I found that you cannot expect to get valuable feedback until you’ve expressed your idea in the form of a prototype or something tangible like that. Most of the GSIS course assignments include submitting analysis reports, checklists, or plans for educational content. These assignments are really well-designed to get students to express their ideas as some sort of output. I got very valuable feedback from the professors and my colleagues through the first year of courses. I want to utilize the learning process I used here in my job going forward.
What did you find difficult?
I had a hard time studying when I was busy with my work. Once you fall out of the habit of studying, it is so hard to get back into it. If you cannot submit a course assignment on time, a red warning icon appears on the study schedule screen of Kumamoto University portal site. Then, if you keep procrastinating, the screen soon fills up with red icons, which puts on even more pressure. I felt as if I had been rejected by the e-Learning, and it became harder and harder to get back on track. That vicious circle was really difficult to get out of.
How did you end up getting back on track?
In the first semester, I was so busy with my work that I fell way behind in submitting my course assignments. Even though the deadlines had long since passed, I knew that I had to get caught up before the summer break, or just give up altogether. Somehow, I managed to submit each of the assignments one by one. Based on that experience, I made up my mind to make e-Learning my first priority from the second semester. After all, I only had two years to study here, so I decided I’d better give it my all. As a working graduate student, I had no choice but to cut down on sleep to make enough time to study. So, I made up my mind to study hard and forgo all but the minimum amount of sleep or rest.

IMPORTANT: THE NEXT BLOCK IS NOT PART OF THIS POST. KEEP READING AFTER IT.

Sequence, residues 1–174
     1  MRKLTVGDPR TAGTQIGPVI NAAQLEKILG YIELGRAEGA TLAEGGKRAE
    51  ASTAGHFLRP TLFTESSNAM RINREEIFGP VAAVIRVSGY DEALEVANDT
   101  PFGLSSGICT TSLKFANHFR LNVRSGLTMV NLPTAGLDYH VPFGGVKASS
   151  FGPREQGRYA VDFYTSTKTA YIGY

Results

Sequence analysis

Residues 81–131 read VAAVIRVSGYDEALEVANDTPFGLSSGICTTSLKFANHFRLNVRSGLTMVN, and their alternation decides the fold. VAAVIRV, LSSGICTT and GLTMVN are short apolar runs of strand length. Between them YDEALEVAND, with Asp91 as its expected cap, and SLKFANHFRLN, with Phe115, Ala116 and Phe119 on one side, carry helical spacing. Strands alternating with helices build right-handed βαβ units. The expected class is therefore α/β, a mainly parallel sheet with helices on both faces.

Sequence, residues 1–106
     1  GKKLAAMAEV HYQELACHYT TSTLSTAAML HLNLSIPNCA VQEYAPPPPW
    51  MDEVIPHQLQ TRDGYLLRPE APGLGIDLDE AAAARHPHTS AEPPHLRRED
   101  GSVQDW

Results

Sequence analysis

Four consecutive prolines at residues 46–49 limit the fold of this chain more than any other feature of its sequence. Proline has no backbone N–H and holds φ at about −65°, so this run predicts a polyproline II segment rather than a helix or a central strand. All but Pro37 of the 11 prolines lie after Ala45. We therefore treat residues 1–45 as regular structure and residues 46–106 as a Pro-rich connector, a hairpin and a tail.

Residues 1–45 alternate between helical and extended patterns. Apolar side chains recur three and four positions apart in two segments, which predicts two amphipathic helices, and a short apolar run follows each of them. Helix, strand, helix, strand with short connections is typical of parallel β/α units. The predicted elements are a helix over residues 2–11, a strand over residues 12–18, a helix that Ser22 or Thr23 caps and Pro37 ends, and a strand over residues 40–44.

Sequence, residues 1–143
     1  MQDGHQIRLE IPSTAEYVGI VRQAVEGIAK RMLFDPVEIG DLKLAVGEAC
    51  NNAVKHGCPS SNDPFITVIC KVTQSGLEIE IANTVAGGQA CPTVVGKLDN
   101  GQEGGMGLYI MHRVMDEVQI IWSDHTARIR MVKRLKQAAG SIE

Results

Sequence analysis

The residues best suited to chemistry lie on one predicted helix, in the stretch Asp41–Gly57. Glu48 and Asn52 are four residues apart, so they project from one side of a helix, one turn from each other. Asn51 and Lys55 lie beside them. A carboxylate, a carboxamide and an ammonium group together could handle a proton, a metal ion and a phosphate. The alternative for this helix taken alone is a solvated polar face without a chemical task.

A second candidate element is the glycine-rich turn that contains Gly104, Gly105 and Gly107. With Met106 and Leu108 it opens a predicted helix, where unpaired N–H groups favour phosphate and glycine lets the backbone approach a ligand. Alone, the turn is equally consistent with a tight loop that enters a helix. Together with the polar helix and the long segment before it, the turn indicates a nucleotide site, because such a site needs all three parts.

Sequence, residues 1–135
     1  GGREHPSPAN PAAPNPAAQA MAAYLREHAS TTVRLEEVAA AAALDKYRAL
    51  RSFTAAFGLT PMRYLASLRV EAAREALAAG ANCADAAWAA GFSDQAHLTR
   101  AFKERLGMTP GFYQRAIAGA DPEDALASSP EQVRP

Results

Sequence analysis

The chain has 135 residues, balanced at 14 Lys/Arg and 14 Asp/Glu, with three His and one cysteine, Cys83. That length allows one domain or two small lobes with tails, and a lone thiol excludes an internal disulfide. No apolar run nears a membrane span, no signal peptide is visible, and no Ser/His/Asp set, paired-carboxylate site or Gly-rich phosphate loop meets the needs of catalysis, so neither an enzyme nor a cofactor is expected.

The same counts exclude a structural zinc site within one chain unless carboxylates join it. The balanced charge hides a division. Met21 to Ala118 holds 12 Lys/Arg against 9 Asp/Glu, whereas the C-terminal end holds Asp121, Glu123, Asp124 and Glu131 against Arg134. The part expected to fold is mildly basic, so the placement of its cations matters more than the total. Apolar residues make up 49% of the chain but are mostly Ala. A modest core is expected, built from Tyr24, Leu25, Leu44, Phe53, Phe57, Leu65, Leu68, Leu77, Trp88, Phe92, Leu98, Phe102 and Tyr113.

How did you like SCC (Story-Centered Curriculum)?
It was pretty rough… When I first entered GSIS, I imagined SCC would be something like an enjoyable role-playing game, because I had heard that the content was story-based. However, I found I just couldn’t get absorbed into it. I understood how valuable it was for studying the curriculum, but it was hard for me to actually do. Of course, I also found several positive aspects of this approach, though It’s hard for me to express them well. I think that thanks to there being a story, I could look at myself as a learner more objectively. In the first semester, the students are “hired” by a fictitious e-Learning company and “work” there to gain the necessary contents development skills. Therefore, through SCC, I was not just doing tasks for a course, I was learning why the skills learned during the course were necessary for me. At the end of the course, the participants reflected on their achievements based on the competency list used by GSIS. This gave me the chance to think objectively about what I had learned during the course. So, although SCC was not what I had expected, it gave me quite a valuable, unique experience; the course content and I were both being developed, and I got to play two roles simultaneously, as a learner and a designer (*2).